We all know how much Tim Burton loves an outsider: a unique, distinctive individual (or individuals) who are distinctive individual (or individuals) out of place and out of touch with their surroundings. Pee-Wee, Edward Scissorhands, Alice, Mars aliens, even Bruce Wayne/Batman, are some of the characters the director has tackled in his thirty decades worth of work, each with their own curiosities that cause them to swim against the tide, whether something physical or mental, but that Burton has always celebrated. So, the story about a young elephant with abnormally large ears and the circus folk that surround him, would be right up his street.
Having already made the ridiculously successful Alice in Wonderland reimagining/quasi-sequel for Disney in 2010, he is a filmmaker that the studio trusts and, with such a huge expectation – both positive and negative – on their slate of big-screen live-action versions of their classic tales, someone like Burton is a solid choice, even if it was a little bit of a curious one in the first instance. The challenge with this particular remake is that the original film was only an hour long and was, quite frankly, pretty great the way it was. So there’s nowhere to go but, ahem, up but while the titular mammal does soar,
the film doesn’t quite hit the same dizzying heights.
Planting the new version in 1919, we are still at the circus but the focus of the story has shifted somewhat from Jumbo to Holt Farrier (Colin Farrell) and both his immediate family – daughter Milly and son Joe – and his extended one, the Medici Circus led by Danny DeVito. Their latest attraction is Mrs. Jumbo, who is recent purchase that Medici hopes will inject some new life into his roadshow, but unbeknownst to him his newest asset is pregnant and soon gives birth to a beautiful baby boy who is much more than he appears. It’s he who becomes the star attraction – you’ve seen about everything, but you’ve never seen an elephant fly – and grabs the attention of fairground entrepreneur V.A. Vandevere (Michael Keaton) who, in many ways, is very much pro-Disney.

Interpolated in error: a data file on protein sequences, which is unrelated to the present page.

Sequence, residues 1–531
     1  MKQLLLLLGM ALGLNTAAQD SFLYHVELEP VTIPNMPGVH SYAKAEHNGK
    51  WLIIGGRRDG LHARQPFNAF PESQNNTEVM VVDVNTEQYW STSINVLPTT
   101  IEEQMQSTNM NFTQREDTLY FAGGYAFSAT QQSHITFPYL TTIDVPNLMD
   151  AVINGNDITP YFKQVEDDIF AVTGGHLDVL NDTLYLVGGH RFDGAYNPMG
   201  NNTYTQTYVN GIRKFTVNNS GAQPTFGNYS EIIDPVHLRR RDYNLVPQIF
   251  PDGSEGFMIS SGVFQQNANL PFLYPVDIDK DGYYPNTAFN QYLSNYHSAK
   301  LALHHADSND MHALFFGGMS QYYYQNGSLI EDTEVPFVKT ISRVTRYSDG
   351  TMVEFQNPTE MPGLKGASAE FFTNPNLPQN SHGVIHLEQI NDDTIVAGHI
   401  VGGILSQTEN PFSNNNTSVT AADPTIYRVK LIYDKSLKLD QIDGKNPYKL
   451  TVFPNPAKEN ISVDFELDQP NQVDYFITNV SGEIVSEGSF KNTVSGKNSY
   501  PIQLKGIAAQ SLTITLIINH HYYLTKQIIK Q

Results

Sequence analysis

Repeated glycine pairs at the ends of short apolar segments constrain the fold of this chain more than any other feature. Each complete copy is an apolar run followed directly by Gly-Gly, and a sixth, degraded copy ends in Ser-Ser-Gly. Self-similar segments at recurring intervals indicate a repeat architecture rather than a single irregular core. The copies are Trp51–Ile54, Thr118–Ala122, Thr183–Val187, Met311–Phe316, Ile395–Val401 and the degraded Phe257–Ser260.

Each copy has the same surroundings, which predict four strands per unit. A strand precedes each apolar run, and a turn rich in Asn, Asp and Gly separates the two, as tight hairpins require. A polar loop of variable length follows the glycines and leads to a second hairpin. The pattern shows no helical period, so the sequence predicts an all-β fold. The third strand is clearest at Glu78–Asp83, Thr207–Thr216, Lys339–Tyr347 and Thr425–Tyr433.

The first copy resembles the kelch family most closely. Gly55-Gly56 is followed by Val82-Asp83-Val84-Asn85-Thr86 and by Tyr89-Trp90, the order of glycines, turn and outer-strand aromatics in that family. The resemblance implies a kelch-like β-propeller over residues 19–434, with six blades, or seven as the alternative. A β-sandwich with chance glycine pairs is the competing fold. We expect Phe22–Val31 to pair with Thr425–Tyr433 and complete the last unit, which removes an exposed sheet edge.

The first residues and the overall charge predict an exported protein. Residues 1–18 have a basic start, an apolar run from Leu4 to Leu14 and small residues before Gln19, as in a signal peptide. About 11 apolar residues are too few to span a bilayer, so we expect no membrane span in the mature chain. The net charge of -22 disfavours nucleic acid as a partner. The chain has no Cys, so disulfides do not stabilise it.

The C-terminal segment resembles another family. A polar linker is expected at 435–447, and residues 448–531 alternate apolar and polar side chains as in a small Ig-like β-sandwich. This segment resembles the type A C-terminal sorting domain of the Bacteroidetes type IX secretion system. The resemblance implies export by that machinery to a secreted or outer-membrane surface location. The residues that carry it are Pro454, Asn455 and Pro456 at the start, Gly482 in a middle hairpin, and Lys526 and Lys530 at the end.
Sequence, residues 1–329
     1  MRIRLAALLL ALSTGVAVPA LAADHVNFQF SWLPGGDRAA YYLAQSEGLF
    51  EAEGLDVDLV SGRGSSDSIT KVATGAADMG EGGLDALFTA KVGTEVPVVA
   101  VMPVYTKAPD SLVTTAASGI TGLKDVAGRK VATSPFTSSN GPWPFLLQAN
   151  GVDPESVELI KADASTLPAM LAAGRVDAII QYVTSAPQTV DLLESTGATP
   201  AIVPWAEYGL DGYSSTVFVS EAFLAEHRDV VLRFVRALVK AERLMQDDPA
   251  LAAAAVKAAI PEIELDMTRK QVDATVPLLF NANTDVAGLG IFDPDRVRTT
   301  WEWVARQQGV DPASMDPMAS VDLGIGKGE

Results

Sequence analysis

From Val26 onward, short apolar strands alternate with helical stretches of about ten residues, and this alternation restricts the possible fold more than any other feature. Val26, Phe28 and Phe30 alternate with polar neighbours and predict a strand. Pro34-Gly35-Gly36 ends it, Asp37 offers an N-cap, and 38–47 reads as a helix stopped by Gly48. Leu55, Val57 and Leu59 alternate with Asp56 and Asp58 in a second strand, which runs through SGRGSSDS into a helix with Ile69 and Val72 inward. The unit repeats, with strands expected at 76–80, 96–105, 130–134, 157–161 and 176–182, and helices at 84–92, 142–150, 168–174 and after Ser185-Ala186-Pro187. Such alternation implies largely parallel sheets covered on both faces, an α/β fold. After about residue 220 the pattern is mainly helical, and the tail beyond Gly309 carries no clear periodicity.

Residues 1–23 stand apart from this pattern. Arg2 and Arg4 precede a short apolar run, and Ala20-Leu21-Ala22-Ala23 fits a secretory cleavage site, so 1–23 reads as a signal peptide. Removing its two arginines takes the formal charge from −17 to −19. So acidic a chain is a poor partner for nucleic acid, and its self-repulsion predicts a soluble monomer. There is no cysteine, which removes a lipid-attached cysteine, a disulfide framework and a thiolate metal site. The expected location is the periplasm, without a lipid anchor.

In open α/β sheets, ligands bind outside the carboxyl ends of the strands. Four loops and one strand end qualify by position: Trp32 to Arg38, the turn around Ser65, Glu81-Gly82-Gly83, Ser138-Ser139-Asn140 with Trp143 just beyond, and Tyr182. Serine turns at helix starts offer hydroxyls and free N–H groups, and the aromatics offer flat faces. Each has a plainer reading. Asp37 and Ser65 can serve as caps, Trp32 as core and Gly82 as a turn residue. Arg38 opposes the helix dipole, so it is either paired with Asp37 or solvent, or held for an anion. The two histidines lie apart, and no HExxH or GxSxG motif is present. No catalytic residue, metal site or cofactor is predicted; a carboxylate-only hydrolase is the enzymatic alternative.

You can never fault Burton and his mesmerically skewed visuals and here they are as transcendent as ever, as their all-encompassing gloriousness washes over you, colours sparkling and set-pieces enthralling, with the visuals on Dumbo and his animals counterparts as beautifully rendered as you would have hoped in a post-Jungle Book/Planet of the Apes world. And here, while it has all the glossy colourfulness of a Disney animated feature, there’s also the essential sprinkle of Gothic that makes it unmistakably Burton.
But, as is becoming alarmingly commonplace in his films, it is in its narrative that the film falls back down to Earth with a thud: clunkily designed by screenwriter Ehren Kruger, you never feel yourself drawn to any one other than the titular flyer – despite great turns from Farrell, DeVito and newcomer Nico Parker – as everything has a strange detachment that makes the film feel overwrought and quite dull in places. It was always going to be something of a difficult task to expand on the original film into a two-hour plus adventure but there were surely a few better ideas than what we have given here.
In a year when the Disney remake machine is going into hyperdrive with this, Guy Ritchie’s Aladdin (whose recent trailer left a lot to be desired) and the “live-action” The Lion King makeover, you may begin to question whether all of this was even worth it in the first place. Dumbo, though, goes some way to making it feel like a worthwhile exercise but unlike the original, this won’t stay close to the heart when the credits roll.
Scott J.Davis |
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Family, Fantasy | USA, 2019 | PG | 29th March 2019 (UK) | Disney UK | Dir.Tim Burton | Michael Keaton, Colin Farrell, Danny Devito, Nico Parker, Finley Hobbins, Eva Green, Alan Arkin